i still have my moments of hating zines, but most of the bitterness is gone now. i’m pretty sure that i still don’t love the medium as much as some people, & certainly not as much as i did ten or fifteen years ago, but…i might make another zine after all. i know i have been talking a lot about getting into fiction writing for more mainstream audiences because i am in pursuit of more of a challenge to my writing abilities, & all of that is still true. but it can also be comfortable & familiar to write in the medium & for the audience i’ve been working with for so many years. almost like a vacation from “real” writing.

in the meantime, i am off to whip up a batch of stuffed shells for dinner. tonight will be our first night in over a year of sitting down to a civilized meal at our very own kitchen table! i made pizza last night (tomato/basil for one & mushroom/basil for the other), but we were just speed-eating before working on setting up the apartment & unpacking more, & the table was piled with bags of cat food, cans of paint, my new bathing suit, receipts, etc. tonight we dine like adults.

it’s the first day of spring!

my bicycle is enjoying the beautiful spring weather.

what the hell is going on? lawrence was hammered last night by a mondo late season blizzard, & the snow is in fact still falling. yesterday was gorgeous. i wore my ruffle-collar swing coat downtown & had to remove it for the walk home because i was too warm in just a thermal & thin puff-sleeved cardigan. then i went over to ailecia’s to catch up on “project runway,” & spent some quality time on the enclosed porch afterward, smoking bummed menthol cigarettes & making plans for a zine on emotional & physical health sustainability in radical communities (ie, it’s okay to work out & take care of your body in the name of fitness & health; there are more responsible & respectful ways to ask for emotional support than to think you are magically entitled to it from whoever is around; etc), & when i stepped outside to retrieve my recycling crates & head back to my place to make homemade pizza for lunch, there was a frosty nip in the air. jared had soccer practice a few hours later (he joined an intra-mural grad student team) & bundled up in knee socks, a raincoat, etc. when he returned home a few hours later, it was raining, which turned to sleet while i made pasta carbonara for dinner. by the time we went to bed, snow had smothered the neighborhood.

so i am pretending that spring is here by wearing an aggressively flowered headband.

please note the snow in my hair. please also note the wrinkle between my eyebrows that is due to thirty years of furrowing grouchily at the world around me. this weather is making me frowth!

i still have big plans for spring though. i really want to get to work on a new issue of “love letters to monsters” (hilariously referred to as “hate letters to monsters” by a disgruntled reader with poor comprehension skills on goodreads–that has got to be the worst zing ever) & finally put together “up the logic punks!” #3. all the puzzles have been written & done since late july. that was nine months ago! i just have not had the will to drag my typewriter down from its shelf & get to work.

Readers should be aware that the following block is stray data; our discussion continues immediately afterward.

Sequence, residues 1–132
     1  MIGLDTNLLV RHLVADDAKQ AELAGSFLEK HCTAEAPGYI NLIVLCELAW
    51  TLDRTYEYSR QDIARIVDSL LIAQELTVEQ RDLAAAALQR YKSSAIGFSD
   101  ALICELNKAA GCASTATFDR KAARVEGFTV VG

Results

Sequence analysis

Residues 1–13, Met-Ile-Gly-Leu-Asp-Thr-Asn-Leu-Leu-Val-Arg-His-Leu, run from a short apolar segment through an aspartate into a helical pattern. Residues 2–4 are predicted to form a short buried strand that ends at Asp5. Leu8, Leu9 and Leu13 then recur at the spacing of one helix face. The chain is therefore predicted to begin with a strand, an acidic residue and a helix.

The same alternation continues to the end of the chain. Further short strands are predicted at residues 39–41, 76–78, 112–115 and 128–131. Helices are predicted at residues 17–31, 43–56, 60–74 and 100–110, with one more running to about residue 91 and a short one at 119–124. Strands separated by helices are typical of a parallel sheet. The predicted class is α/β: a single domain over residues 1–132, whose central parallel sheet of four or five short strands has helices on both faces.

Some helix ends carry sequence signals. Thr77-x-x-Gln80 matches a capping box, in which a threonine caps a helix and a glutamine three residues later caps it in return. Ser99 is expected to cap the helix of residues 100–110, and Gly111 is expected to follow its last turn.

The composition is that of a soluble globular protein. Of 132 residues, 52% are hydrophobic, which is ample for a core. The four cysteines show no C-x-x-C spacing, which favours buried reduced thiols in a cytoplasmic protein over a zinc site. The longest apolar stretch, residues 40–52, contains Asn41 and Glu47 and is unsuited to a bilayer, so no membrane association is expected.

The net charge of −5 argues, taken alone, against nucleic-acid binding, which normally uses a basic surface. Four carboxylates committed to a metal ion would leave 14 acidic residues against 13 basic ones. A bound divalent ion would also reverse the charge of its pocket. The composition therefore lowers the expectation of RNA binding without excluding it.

i guess i have been enjoying a vacation from responsibility since i quit the distro back in january. i have whiled away the winter watching all five-&-a-half-to-date seasons of “lost” & reading huge stacks of library books. i haven’t been remotely interested in reading zines, making zines, reading about zines, talking about zines, etc. the entire subject makes me feel tired, prickly, frowthy, & aged before my time.

but jared & i went to chicago over the weekend for his spring break, &…i think i turned the corner. we happened to be in chicago for the first-ever chicago zine fest, which wasn’t really intentional, but also not unwelcome. my good buddy LB (from “truckface” & “susie is a robot” zines & stranger danger distro) gave us houseroom, & she had booked herself a table at the zine fest, so…on saturday morning, she loaded up her messenger bag with distro offerings & we piled into the rental car:

spring break 2010! woo hoo!

yes, that’s a bright red ford mustang. & that is LB struggling to extricate herself from the backseat. she suggested that the back seat is miniaturized because no one is ever supposed to do anything but lie down back there, if you catch my meaning. jared had requested a sub-compact, & they “upgraded” him to this little number. every time we stopped to get gas or snacks, i felt like everyone watched eagerly while i clambered out of the passenger seat, & then shrugged & thought, “i thought whoever was riding in that car would be a lot hotter.” it’s a miracle that we didn’t get any tickets, & that no one broke the windows or smashed the tail lights. a car like this attracts attention. in fact, it even has a safety feature in the event that you attract the absolute wrong kind of attention:

as the diagram helpfully illustrates, you can pull this tag, pop the trunk, & free yourself in the event of an abduction.